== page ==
Churches hold drive-in services as way to connect

  • Megan Broome/The Clayton Tribune.Peyton Fisher, left, Heidi Gardner and Jalyn Fisher collect offerings as churchgoers of Clayton First United Methodist Church leave following the first drive-in church service held on Ministry Mountain on Sunday.
    Megan Broome/The Clayton Tribune.Peyton Fisher, left, Heidi Gardner and Jalyn Fisher collect offerings as churchgoers of Clayton First United Methodist Church leave following the first drive-in church service held on Ministry Mountain on Sunday.
Body

CLAYTON— Honk if you love Jesus. 

During these trying times, some churches are finding new ways for congregations to come 

together and worship while also social distancing. 

And drive-in church is one way some churches are doing that. 

This past Sunday, Clayton First United Methodist Church tried out drive-in church as an “interim 

worship” service to start slowly transitioning back to a pattern of worshipping in person every 

Sunday. 

“It was a great way for us to get back together but still be very prudent with virus concerns,” said Rev. Zack Martin. 

Around 40 cars loaded with families and dogs parked on Ministry Mountain, in every other parking space, and tuned in to station 90.1 FM to hear Martin preach about John 14:1-14.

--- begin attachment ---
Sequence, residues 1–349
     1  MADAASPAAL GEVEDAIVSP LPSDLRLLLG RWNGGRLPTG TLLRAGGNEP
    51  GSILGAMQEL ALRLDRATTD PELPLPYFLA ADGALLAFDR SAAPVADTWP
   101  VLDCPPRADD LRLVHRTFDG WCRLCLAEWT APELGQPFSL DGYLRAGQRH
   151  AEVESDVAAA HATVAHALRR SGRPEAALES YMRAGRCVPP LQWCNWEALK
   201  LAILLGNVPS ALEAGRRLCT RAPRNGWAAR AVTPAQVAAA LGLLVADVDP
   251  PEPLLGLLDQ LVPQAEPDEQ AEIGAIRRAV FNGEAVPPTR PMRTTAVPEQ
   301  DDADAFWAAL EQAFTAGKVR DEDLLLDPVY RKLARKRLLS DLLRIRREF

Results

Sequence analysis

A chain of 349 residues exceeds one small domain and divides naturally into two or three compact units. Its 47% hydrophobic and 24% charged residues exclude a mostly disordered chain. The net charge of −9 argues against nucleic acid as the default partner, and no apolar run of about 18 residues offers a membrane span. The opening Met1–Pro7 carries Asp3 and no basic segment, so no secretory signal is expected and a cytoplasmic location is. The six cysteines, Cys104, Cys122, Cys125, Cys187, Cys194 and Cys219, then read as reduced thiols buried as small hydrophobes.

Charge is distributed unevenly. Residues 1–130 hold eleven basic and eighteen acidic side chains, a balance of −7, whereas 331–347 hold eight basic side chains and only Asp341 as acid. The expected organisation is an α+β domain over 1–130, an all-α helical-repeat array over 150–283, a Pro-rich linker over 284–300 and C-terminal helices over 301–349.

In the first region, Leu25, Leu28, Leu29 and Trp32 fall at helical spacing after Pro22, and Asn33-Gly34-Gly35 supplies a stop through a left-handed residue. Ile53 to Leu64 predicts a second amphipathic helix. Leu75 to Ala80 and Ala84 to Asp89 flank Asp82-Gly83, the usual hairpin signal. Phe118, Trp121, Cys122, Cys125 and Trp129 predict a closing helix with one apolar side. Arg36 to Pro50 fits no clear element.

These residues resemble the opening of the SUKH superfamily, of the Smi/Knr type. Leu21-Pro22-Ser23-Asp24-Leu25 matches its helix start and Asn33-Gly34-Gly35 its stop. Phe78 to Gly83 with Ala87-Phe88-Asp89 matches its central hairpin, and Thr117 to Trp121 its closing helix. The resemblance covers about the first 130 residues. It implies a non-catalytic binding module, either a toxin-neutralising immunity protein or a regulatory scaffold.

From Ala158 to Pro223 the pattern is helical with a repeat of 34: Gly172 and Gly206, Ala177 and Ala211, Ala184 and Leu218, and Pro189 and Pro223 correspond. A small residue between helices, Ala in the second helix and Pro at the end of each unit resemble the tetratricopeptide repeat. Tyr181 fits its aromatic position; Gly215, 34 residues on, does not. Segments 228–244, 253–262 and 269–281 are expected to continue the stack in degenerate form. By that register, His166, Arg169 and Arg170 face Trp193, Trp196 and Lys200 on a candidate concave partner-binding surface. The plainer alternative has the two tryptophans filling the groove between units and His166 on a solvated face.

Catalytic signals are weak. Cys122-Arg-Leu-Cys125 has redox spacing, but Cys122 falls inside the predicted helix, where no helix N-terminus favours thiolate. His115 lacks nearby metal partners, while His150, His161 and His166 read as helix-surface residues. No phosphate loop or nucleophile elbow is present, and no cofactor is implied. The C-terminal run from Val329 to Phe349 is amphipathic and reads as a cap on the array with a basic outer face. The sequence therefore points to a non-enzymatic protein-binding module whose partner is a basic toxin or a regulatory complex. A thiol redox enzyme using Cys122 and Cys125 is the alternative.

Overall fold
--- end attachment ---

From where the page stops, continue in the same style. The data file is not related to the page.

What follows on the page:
Martin said that there is “something spiritually sustaining about gathering in community” that online services cannot replace.

“I think it was very successful,” Martin said about the first Sunday trying out drive-in church. 

The message was one of encouragement and every “amen” was followed by the beeps of car 

horns and churchgoers inspired by scripture. 

Randy Scott, director of the Children’s Ministry, said to churchgoers in the children’s moment presentation that it’s great “to be with you together even though we are apart.” 

“The way we gather keeps changing but the message has not,” Scott attested. “The word of God 

stays the same,” she said. 

Martin said that drive-in church will go to at least the end of June, and that he will re-evaluate in mid-June to decide on procedures moving forward. 

He said that the church building is currently closed to the public and when it does open back up for in-person worship, many safety precautions like spacing out seating arrangements will be implemented. 

Martin said that the plan is for Boat Church to start on Memorial Day as per usual. It is held on Lake Rabun and goes from Memorial Day to Labor Day each year. 

The wide-open space will allow worshippers to adhere to social distancing requirements, Martin said. 

He said that the boat house will be closed when Boat Church starts, and instead families will socially distance along the shoreline during the service.